Young men and women in Saudi Arabia are launching their own talk shows and programs on YouTube and other video-sharing websites in which they are tackling issues such as unemployment, corruption, poverty and debate about social norms.
These youngsters freely share their opinions and views on web channels that are competing with conventional media outlets and receiving a wider demand and appreciation.
In the latest report published by the Saudi Communication Committee, about 11.4 million Saudi citizens spend 132 minutes daily on the internet, and according to Alexa web statistics, YouTube is the second most visited website in Saudi Arabia after Google.
Therefore, the conventional media realize that they cannot overlook this new youth media movement as a source of information to feed their own programs and communicate with their public.
“The scene is wide and can fit both conventional and electronic media that are here to support the traditional outlets. After all, the public is the final beneficiary”, said Ahmad Fatheddin, a writer and actor for “Al Tayer” television show.
Furthermore, Dr. Saud Kateb, a media advisor at the Isbar New Media Center, told Al Arabiya that “the electronic media present another choice for the consumer and is not an alternative to the conventional media outlets. However, they may hinder the conventional media institutions, including press, if the latter refuse to change and cope with the latest trends.”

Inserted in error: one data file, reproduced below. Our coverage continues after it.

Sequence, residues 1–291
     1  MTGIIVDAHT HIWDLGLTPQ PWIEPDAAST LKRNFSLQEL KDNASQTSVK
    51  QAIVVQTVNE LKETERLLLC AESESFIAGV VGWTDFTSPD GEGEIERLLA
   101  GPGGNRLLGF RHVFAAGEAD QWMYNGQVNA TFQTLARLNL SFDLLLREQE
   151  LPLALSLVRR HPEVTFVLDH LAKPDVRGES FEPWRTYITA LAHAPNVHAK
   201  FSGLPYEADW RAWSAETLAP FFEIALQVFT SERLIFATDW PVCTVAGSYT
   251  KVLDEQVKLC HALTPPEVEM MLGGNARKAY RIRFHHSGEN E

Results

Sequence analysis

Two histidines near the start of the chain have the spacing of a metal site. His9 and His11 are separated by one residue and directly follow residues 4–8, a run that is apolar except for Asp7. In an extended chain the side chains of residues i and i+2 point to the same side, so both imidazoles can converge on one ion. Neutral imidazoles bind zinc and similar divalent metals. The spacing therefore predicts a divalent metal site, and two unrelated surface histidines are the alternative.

Dr. Saud believes that the only solution for the conventional official and non-official media would be to use and invest in the electronic media that allow them to interact with the public and guarantee broad diffusion.
Electronic media also respond to the audience’s demands to participate in determining a show’s content and to respond, comment and interact with relevant themes.
Moreover, electronic media are not only the domain of younger people; older journalists are taking note of the media are keen to learn from the new experiences.
However, the new media arena is facing many obstacles, including financial difficulties and problems related to production, filming and editing. Furthermore, the founders of these electronic programs fear piracy that could alter their shows’ contents and use them for political purposes.
“Our goal is to promote universal axioms without delving into religion, politics or taboo subjects”, said Fatheddin.
(Translated from Arabic by Stanella Khalil.)